To me the new songs feel a little more melodic, dynamic and diverse compared to what I think was a very “doomy” first offering. I also feel the vocals are improved, with more exciting lines and melodies.

Leo: – OK! I agree. I think it’s just the natural progression that comes when you work on writing songs. I don’t consciously decide “today I’m going to write a song that sounds like Pagan Altar, today it’s Brocas Helm” or anything like that. I tend to just get ideas for a riff or a melody or whatever, and build it from there, and whatever best serves that particular song is what I go with. I am also powerless to resist guitar harmonies. Everyone knows Thin Lizzy is the greatest band of all time. Why fight it?

Benedict: – I’ve only been singing as long as Zodiac has existed, I’ve come a long way but there’s still a long road ahead of me…If something’s worth doing, it’s worth doing right.

What purpose do the lyrics have in your music? Are you storytellers, or do you a message that you want to get out? Or are simply the lyrics written to reinforce the atmosphere of the music?

Benedict: – All of the above really; obviously the lyrics need to match the tone of the song and ideally writing about something that matters means you can bind the lyrics to the very tangible emotional weight of the music. To me lyrics are really important; I was definitely one of those kids that sat there headphones on obsessing over the lyric sheet.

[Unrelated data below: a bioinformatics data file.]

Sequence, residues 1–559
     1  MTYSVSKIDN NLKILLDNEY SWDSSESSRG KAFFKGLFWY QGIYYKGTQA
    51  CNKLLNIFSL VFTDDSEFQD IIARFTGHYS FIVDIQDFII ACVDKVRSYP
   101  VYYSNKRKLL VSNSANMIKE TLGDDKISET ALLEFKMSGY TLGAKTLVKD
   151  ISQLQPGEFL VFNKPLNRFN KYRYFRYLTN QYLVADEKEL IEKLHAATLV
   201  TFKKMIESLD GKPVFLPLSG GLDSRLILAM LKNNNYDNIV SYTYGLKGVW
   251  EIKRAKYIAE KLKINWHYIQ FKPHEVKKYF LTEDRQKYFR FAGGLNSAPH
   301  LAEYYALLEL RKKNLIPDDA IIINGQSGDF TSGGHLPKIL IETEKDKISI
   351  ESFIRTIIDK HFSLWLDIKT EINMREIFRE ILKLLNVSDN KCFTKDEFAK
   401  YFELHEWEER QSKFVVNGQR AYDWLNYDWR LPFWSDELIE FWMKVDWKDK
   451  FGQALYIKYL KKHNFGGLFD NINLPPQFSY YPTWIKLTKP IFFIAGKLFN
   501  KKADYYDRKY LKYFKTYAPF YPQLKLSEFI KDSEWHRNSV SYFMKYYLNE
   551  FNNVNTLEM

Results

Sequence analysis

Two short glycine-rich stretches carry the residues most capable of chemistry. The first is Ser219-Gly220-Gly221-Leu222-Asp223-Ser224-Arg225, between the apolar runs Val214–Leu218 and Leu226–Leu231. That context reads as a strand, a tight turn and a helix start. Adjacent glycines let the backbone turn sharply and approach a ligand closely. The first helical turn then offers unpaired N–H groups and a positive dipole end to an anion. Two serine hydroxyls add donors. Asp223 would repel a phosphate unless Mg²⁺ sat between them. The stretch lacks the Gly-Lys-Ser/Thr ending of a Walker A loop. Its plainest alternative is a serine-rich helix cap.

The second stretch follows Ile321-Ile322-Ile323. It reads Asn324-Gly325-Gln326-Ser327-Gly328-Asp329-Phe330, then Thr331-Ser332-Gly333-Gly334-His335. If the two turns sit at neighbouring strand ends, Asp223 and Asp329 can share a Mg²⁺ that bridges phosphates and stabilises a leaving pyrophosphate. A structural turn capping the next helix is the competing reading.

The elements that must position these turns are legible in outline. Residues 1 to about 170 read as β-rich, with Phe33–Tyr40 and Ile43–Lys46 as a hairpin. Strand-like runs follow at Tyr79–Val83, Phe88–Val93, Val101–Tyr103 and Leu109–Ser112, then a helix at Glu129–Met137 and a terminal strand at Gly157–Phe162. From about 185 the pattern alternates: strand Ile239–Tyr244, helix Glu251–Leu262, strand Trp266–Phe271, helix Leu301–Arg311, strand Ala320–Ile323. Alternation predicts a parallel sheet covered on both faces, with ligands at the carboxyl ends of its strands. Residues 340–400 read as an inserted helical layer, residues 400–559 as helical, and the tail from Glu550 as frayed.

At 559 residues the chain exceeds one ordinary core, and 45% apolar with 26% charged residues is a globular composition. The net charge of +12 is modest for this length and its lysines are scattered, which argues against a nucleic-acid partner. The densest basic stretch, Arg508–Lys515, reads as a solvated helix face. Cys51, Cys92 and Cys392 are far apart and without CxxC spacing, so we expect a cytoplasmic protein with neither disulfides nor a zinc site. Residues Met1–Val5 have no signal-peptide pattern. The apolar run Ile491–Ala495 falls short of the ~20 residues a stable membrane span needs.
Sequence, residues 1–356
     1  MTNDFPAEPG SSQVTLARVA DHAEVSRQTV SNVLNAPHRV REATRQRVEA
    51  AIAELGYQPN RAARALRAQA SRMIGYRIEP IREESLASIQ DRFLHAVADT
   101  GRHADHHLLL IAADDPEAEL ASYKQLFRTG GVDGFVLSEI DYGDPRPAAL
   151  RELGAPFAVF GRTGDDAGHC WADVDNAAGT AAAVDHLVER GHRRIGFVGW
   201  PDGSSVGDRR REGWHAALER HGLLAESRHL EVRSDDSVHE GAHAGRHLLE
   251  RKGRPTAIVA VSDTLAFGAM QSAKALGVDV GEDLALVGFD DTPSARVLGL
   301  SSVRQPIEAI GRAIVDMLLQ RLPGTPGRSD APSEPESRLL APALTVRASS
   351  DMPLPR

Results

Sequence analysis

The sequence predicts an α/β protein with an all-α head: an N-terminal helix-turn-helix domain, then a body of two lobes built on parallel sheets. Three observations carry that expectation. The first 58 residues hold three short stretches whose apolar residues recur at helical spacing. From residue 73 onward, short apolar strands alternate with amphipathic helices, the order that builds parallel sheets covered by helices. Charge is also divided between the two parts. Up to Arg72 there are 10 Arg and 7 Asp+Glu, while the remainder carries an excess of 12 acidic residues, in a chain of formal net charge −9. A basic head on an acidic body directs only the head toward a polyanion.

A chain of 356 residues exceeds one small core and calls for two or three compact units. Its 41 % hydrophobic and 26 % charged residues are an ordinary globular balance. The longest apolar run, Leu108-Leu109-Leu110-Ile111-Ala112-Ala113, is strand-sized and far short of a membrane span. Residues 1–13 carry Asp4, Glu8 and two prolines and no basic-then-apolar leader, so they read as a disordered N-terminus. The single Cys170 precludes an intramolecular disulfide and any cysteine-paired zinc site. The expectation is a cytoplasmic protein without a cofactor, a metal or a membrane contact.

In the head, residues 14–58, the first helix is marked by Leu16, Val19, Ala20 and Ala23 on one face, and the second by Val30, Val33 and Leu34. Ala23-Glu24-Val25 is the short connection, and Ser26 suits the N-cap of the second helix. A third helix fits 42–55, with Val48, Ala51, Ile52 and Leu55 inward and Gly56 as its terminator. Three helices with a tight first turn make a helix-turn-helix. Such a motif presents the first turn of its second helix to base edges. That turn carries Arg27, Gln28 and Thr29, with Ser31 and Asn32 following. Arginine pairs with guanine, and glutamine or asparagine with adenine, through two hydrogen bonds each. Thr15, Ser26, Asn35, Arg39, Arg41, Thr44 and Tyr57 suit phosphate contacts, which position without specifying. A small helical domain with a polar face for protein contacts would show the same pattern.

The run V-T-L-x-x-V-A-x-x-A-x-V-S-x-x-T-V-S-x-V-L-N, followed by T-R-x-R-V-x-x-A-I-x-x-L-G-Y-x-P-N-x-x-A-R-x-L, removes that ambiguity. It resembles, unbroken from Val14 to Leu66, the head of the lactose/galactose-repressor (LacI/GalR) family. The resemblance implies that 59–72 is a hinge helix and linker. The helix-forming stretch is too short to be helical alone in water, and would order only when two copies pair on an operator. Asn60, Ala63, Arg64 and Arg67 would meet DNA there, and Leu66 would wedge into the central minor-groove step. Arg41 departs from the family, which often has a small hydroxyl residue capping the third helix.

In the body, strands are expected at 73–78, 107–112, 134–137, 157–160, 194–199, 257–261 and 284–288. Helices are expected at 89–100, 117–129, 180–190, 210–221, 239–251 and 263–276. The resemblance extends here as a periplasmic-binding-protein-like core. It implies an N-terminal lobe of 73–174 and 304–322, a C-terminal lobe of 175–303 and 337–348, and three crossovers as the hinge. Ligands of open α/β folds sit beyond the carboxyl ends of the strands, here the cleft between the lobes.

If I understand right, the material for a full length album is written, but not recorded? Where do you plan to record it, and do you have the studio booked?

Leo: – The music is actually all recorded, Ben just needs to finish the vocals then we’ll be on to mixing. We recorded at a place called The Shed here in Brisbane, with Bryce Moorhead, who’s a great local engineer, he really captured the way we sound playing in a room all together. We were really glad that Mikel could play on the record before he moved on, and I think it captures this first period of the band really well. We tracked all the basic tracks completely live, but we did a few more overdubs on this one, a few cheeky three guitar harmonies here and there. Just little flourishes that we wouldn’t be able to play live, but that make the record a little different to the pure live sound. I’m really happy with how it’s turned out so far, now we just gotta crack the whip on Ben to finish the bastard!